360 resolution for use in standard format

posted in: 360 | 0

Is the resolution of your 360 camera important? Surely yes even if this is not the only parameter to take into account. And what is the resolution level of current 360 cameras to get cropped images in standard format. In this article, I’ll answer these questions with concrete examples.

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What is the main characteristic of a digital camera? If you ask this question around you, in the vast majority of cases, you will get the answer: the resolution, the number of pixels. Even if the most informed will also point out the importance of other characteristics such as the management of contrasts, color or sensitivity in low light, it is nonetheless true that resolution is a key element in the reproduction. details. If the resolution is low compared to the size of the image representation, it will appear blurry and slightly sharp. And if the resolution is high, you are more likely to reproduce the details of the scene being photographed.

All of this logically remains applicable to 360-degree images. It will be easily understood, as all the directions are captured without prejudging the portions of the image which could be the most interesting, the 360 ​​cameras require a very high resolution to be compared to the standard cameras with smaller field angles.

My purpose here is not to embark on a theoretical analysis of the really necessary resolution, since it depends on many factors and in particular on the use of each one. Also, I will focus on the visual comparison of several images captured alternately with a 4K action camera and with a consumer 360 camera (around 6K), then cropped to the usual format at different resolutions.

This will simulate the application of a zoom (with equivalent focal lengths between 28mm and 100mm). Remember also that this is a use case of 360 cameras, indeed the capture in all directions associated with a high resolution, will eventually allow you to navigate in a place – after the capture – in all directions and visually approach points of interest.

Let’s take a first example of a church photo. The top band contains the images from the 4K capture with successive cropping to simulate the focal length indicated. The bottom strip contains the images from the 360 ​​camera.


For this second example, I chose this rather impressive scaffolding, which makes it possible to distinguish the rendering of the details. Identical to the previous example, top strip for 4K camera and bottom strip for 360 camera.


Below are several comparisons of images, with different angles of view, which visually illustrate the effect of resolution on 360-degree images. In all cases, the image on the left is from the 4K camera and the image on the right is from the 360 ​​camera.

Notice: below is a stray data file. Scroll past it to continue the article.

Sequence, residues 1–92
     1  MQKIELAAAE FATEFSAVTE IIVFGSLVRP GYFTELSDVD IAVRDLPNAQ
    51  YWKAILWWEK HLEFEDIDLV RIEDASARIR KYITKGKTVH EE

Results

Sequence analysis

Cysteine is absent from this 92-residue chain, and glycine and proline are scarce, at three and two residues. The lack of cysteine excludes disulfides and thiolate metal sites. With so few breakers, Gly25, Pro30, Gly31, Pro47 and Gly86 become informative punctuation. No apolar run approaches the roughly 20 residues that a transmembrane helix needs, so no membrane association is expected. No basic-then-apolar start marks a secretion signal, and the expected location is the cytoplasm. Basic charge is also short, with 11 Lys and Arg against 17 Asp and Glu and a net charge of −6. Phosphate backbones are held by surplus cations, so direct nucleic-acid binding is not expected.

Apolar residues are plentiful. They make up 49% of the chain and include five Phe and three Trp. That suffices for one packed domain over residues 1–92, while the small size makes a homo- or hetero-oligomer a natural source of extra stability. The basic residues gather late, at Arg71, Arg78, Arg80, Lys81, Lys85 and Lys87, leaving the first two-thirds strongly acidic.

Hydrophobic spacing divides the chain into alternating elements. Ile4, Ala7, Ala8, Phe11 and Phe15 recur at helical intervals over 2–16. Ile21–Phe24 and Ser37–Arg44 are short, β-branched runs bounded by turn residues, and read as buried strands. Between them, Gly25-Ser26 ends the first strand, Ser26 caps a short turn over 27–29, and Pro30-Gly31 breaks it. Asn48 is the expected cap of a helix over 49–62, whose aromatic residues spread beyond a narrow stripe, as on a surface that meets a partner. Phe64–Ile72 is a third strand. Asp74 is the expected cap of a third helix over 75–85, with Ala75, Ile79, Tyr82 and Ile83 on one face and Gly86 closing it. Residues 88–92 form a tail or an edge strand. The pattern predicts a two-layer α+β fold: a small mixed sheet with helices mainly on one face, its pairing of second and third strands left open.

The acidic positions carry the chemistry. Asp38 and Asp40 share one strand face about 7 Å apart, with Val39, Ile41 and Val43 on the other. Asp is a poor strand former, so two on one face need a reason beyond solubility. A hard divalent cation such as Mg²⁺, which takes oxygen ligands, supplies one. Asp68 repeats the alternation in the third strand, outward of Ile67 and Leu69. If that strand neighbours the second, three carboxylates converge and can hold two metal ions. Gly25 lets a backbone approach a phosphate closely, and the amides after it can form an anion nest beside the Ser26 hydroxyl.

28mm equivalent focal length:

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75mm equivalent focal length:

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100mm equivalent focal length:

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200m equivalent focal length:

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P0101-sample1 -200mm


Indeed, I often hear that the resolution of today’s 360 cameras is sufficient and that there is no need to improve it. Take a look at the implications of this increased resolution. Even beyond the quality of the images, this would result in larger files and therefore requiring more storage space as well as greater processing capacities so as not to reduce the ergonomics of the handling of these media by users.

On the other hand, it does bring the possibility of really exploiting the new dimension brought by perception at 360. For use in cropping, we can not only apply camera movements but above all also variations in focal length / zoom.

In the extreme, we might think that a 360 image with a very high resolution would be the complete snapshot of a moment of life. This would allow you to find all the details there, including those that you might not have seen at the time of the shooting.

I think this great freedom of camera movement and focal length variation is a real plus. There is little doubt that this increase in resolution is part of the future of 360 cameras. Moreover, this is what we have observed for traditional cameras, the resolution has been increasing (we have moreover referred to as pixel race ) and then stabilize relatively at a level compatible with the resolution of our view. This stage is not yet reached in 360 and we can bet that it will improve gradually over the years.



  1. As the purpose of the article is not to compare camera brands, I have deliberately decided not to cite the cameras used in the examples.
  2. Even if the technical parameter studied here is the resolution of the camera, I chose to express the levels of cropping in equivalent focal length, which must be explicit for the amateurs of photography, rather than the number of pixels.